The novel features of the invention are set forth with particularity in the appended claims. Further advantages and objects of this invention, together with the manner of operation thereof, may best be understood by reference to the following description taken together with the following drawings, where:

FIG. 1 is a diagrammatic representation of the spraying apparatus and of the heating means associated with the invention.

FIGS. 2 to 8, inclusive, are graphs depicting selected optical and electrical characteristics of semiconductive films prepared by the instant novel process.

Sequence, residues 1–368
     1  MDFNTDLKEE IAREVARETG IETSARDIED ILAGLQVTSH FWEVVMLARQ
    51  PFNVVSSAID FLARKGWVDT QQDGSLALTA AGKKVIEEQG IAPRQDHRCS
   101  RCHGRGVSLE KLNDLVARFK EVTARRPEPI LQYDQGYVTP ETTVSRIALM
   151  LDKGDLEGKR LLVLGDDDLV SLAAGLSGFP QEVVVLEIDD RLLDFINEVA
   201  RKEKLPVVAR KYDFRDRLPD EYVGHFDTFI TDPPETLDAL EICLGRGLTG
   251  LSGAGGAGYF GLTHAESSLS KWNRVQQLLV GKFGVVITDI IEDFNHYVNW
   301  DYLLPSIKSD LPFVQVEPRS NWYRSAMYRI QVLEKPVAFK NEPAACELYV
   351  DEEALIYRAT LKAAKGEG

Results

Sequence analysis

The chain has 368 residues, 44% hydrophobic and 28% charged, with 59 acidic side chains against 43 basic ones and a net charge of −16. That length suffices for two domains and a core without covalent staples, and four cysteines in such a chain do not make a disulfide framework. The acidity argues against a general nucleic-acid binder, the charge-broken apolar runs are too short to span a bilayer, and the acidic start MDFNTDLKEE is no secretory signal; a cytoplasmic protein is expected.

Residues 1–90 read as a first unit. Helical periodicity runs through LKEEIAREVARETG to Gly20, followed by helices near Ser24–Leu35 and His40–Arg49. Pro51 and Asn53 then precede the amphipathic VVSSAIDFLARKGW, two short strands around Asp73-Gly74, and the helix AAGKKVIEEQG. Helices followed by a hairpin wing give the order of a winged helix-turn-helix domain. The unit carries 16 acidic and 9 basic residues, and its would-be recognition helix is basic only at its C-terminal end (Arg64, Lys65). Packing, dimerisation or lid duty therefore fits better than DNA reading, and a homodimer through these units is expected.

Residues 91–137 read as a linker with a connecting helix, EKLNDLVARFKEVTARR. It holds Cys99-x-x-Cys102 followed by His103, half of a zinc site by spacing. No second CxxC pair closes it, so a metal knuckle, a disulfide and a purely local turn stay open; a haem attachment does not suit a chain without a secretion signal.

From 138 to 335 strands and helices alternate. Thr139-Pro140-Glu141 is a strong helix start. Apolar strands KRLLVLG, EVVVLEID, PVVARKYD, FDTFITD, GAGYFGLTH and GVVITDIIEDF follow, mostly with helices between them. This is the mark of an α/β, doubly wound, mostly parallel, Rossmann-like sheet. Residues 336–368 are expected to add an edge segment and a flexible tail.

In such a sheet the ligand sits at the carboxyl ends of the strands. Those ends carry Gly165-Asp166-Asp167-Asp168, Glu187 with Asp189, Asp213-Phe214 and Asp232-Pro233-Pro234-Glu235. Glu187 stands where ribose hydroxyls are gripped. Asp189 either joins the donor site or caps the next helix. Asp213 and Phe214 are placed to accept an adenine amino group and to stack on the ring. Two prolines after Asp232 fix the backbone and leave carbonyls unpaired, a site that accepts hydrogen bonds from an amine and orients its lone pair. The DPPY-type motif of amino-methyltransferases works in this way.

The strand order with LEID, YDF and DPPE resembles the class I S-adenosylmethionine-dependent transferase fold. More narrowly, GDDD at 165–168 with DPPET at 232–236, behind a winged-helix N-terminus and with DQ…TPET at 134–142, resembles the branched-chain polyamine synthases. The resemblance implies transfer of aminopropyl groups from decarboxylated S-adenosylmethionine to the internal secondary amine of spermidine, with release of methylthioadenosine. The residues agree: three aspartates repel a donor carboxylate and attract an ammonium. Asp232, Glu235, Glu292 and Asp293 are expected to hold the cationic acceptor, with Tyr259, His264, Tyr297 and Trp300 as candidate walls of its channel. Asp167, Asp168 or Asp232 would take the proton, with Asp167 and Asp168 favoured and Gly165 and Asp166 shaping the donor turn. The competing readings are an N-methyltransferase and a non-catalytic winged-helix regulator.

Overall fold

Referring now to FIG. 1, there is shown a diagrammatic illustration of an apparatus for carrying out the process of this invention. A solution 2, containing in dissolved form the elements which will form the photoconductive film coating 10, is placed in a container 1 and fed to a nebulizer head 4 through a tube connecting the two, the rate of solution flow being controlled by a valve 3. Upon entering the nebulizer, the solution 2 is atomized through an orifice in the nebulizer head with the aid of a stream of gas, the pressure of which is regulated by a valve 5. The substrate 8 to be coated is placed on a hot plate 111 and heated to the desired temperature by heat conduction from a heated surface 7. After the substrate 8 has reached the desired temperature, a highlyatomized spray 9 is directed over the surface to form the inorganic film iii. The film is formed as an adherent film on the surface of the heated substrate 8 by a chemical reaction between the soluble salts of the film-forming inorganic elements, the reaction being induced by the heat gradient which is maintained on said surface. Films formed under the conditions described above are derived wholly from elements which were originally present in the sprayed solution. None of the elements constituting the photoresponsive film are derived either from the substrate or from the surrounding atmosphere in the process of the invention. The heat energy supplied to the hot plate may be obtained from any conventional means, as from a flame or from an electrical source. The rate of flow of the solution is not critical and may be varied from .01 to 1 gallon per hour; however, the rate normally employed is about 0.1 gallon per hour. It has been found that varying the rate of flow of solution has an effect on crystal size of the deposited film. The lower the rate, the smaller the crystals tend to be; and the smaller the crystals, the more transparent and clear the film tends to be.